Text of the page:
“In the days of yore, you didn’t have to worry about these things,” says Hart Hanson, creator and exec producer of Fox’s “Bones” and an active Twitter-er with nearly 19,000 followers. “You got your fan mail or your hate mail, and you always had to listen to the studio and the network. But now there’s this bigger voice out there.”

Hanson (right) was drawn into Twitter at the suggestion of thesp Stephen Fry, who has guested in a number of “Bones” segs and encouraged Hanson to use it as a promo tool. Hanson now gets more missives via Twitter than he can keep up with, even as he checks in as much as four to six times in a typical day. “Bones” fans are not shy about telling him what they like and don’t like about the show — in detail.

“It’s a constant question I ask myself: How much to pay attention to them? Are they representative of the audience? They certainly don’t mind hollering at me,” Hanson says. “I had to develop a very thick skin.”

Some showrunners actively court the spotlight, while others wrestle with the pros and cons of becoming something of a public figure. Some seem to be naturally at ease with having a two-way conversation with fans and followers via the arm’s-length forum of the web and Twitter.

“Getting into podcasts off iTunes,” Ryan tweeted on March 27. “Who’s got some good entertaining recommendations for me?”

Throughout pilot season, the producer has kept his followers up to date on developments on his Fox network drama pilot “Ride-Along” and upcoming FX series “Terriers.”: “More Ride-Along casting news: The wonderfully talented Billy Lush (“Generation Kill”) has been cast as Liam,” Ryan reported to his followers shortly after midnight March 18.

Sometimes the topics of discourse even go beyond the scope of typical show chatter. Musing on the recent headlines about extramarital escapades by Tiger Woods and Jesse James, Sutter noted candidly that he ended his first marriage quickly because he was afraid of straying: “I was trying to keep my brain one step ahead of my dick,” he wrote in a March 18 post.

A few writers and producers have expanded their fan interaction beyond social media to real-world get-togethers. MacFarlane, who has built an animation empire on Fox’s air with the unsinkable “Family Guy,” “American Dad” and “The Cleveland show,” has done live stage shows and last November fronted his own comedy-variety spesh on Fox., co-hosted with Alex Borstein: “Family Guy Presents: Seth & Alex’s Almost Live Comedy Show.”

For others, however, the prospect of relocating from the writers’ rooms and edit bays to serve as the public face of a show can be daunting.

“Lost’s” Lindelof and Cuse have become TV personalities in their own right. They’ve hosted multiple “Lost” clip specials for the Alphabet, made dozens of public appearances (including SRO sessions at Comic-Con), are central to the show’s running podcasts and also have a presence on Twitter and Facebook.

“We never imagined we would become the face of the show, and we certainly didn’t have expectations about achieving celebrity status,” says “Lost’s” Cuse. “Going on camera was definitely a leap for us. It happened only because we could offer detail on the narrative.”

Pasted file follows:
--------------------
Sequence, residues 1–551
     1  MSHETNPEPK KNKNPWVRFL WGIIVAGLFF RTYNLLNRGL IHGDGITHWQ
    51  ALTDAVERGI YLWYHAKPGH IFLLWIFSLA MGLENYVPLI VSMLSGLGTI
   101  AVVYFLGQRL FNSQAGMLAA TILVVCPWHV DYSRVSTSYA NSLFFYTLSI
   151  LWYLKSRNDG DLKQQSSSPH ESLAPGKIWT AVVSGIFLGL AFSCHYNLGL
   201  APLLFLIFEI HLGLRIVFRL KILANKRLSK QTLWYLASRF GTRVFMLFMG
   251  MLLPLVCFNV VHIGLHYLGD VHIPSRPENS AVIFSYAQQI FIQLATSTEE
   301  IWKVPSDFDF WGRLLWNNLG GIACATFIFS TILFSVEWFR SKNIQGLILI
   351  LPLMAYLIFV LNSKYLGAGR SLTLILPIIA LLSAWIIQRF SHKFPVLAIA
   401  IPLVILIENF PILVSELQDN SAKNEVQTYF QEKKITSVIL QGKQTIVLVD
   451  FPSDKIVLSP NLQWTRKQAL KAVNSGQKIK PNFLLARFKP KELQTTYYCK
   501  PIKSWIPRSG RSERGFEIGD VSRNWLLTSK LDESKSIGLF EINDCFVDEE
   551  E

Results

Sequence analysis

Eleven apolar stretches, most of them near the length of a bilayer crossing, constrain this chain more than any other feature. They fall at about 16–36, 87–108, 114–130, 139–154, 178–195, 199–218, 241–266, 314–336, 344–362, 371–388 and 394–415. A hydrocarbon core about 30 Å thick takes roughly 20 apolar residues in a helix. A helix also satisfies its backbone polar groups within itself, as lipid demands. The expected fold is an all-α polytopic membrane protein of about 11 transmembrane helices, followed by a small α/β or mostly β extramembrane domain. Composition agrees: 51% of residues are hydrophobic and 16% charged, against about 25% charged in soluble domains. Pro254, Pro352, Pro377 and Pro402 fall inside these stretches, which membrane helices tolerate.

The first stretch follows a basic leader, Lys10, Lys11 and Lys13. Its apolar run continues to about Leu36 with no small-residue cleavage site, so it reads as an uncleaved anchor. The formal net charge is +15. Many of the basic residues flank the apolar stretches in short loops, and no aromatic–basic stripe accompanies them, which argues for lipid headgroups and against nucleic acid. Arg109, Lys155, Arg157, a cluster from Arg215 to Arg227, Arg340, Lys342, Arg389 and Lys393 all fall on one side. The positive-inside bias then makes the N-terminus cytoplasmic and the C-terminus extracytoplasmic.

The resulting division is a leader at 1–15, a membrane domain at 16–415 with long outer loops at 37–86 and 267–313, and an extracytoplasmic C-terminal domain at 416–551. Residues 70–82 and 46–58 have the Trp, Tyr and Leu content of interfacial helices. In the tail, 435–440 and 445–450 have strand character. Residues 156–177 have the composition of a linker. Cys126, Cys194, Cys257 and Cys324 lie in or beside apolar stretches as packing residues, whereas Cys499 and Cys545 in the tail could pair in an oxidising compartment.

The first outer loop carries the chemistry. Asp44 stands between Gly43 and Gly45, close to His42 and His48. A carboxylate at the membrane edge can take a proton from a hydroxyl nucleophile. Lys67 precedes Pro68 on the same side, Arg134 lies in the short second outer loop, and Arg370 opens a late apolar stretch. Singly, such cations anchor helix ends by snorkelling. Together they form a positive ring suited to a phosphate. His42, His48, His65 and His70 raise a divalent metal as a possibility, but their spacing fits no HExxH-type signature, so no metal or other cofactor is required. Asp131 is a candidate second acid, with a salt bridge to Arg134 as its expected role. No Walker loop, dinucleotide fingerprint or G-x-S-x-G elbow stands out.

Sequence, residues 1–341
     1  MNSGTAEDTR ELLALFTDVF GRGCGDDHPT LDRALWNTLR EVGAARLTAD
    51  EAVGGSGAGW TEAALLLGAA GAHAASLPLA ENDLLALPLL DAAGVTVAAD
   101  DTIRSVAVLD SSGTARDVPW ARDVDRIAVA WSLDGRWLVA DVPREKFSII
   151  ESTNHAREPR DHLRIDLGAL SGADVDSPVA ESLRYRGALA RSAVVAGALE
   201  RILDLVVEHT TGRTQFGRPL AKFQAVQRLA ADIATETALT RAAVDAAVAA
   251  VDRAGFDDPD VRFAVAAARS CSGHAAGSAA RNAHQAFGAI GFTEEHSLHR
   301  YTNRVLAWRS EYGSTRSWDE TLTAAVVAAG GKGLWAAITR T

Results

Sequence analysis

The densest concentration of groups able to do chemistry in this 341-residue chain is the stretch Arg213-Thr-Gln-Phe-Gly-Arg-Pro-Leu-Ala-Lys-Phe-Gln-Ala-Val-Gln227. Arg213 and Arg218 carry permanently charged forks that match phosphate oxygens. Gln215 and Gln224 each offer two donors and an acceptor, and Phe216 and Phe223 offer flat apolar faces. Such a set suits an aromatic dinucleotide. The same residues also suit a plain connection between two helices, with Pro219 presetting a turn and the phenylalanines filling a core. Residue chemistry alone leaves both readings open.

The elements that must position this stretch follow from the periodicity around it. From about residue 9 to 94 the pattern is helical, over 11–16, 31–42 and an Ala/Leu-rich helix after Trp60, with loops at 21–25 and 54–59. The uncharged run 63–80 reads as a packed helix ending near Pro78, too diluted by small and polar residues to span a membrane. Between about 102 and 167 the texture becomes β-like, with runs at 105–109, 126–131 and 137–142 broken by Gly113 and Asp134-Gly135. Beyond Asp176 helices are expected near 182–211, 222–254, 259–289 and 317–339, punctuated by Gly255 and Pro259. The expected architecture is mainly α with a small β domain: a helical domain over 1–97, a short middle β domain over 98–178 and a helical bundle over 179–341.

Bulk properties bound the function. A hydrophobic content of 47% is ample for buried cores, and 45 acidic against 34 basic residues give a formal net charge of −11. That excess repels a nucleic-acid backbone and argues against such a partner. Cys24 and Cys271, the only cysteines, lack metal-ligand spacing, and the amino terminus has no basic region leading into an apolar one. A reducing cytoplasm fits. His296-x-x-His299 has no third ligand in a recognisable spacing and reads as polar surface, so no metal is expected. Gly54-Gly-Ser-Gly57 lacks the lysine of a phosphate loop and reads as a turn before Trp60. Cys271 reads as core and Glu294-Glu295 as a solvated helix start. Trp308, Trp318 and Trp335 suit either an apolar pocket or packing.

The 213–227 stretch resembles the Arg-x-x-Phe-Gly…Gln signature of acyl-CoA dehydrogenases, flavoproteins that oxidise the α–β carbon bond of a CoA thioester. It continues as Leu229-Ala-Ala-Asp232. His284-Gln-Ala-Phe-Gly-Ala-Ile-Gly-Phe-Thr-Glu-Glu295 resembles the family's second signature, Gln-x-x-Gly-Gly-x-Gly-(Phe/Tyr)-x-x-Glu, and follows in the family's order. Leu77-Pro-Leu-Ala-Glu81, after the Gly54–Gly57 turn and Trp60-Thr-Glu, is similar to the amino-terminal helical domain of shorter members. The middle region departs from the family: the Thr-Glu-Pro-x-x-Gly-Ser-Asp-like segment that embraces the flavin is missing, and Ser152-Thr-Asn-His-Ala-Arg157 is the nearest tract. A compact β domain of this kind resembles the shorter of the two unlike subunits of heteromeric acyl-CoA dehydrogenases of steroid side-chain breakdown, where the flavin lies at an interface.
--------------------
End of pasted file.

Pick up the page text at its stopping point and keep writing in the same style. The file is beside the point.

Lindelof has come to appreciate his unusual status as a star-showrunner.

“This is the best form of notoriety, and I call it that as opposed to ‘celebrity,’?” Lindelof says. “We are only known by people interested in the show. I get recognized at the ArcLight (theater complex in Hollywood). It seems every usher and employee at the concession stand is a ‘Lost’ fan. But for the most part, it’s incredibly rare when someone recognizes me on the street.”

Hanson also emphasizes that he keeps his newfound recognition in perspective. His is a popular feed among other showrunners, which has allowed him to make connections within the industry that would have been otherwise hard to cultivate. Julie Plec, exec producer of CW’s “Vampire Diaries,” follows Hanson, Rhimes and others with the same eager interest that “Vampire Diaries” fans follow her tweets.

“I’ve got about 20,000 followers and that sounds like a ton of people,” Hanson says. “I think most people in this world haven’t got a clue who I am and don’t care, and I’m extremely happy with that.”

The pure promotional value of having showrunners wired in to social networks is hard to quantify. Hanson notes that his Twitter feed has a strong following among TV reporters and critics, and that has helped keep “Bones” top of mind among an important constituency.

Plec and her fellow “Vampire Diaries” exec producer Kevin Williamson are besotted with Twitter and its ability to keep them plugged into the show’s hardcore fan base. The writing staff of “Diaries” makes a point of watching their Twitter feeds every Thursday evening during the 8 p.m. East Coast airing of the show.

“The whole TV and film industry is built on focus groups and test screenings,” Plec says. “In my opinion, watching a Twitter feed during an episode of our show is a built-in focus group. They react to everything — and it’s fascinating because (over time) you get to witness your fan community as it builds and grows.”

Plec is a good example of a rising-star showrunner who is making a name for herself in and outside of industry circles much faster than she would without the world of Web fandom. It all starts with the fact that she’s on a successful series, but then the Twitterati take it to another level.

“To have a community of people out there who say ‘Hey, I can tell Julie Plec wrote that scene’ — it’s positive feedback that makes you feel good,” she says. “And I know how great it is to have this kind of direct access to someone that you look up to and admire.”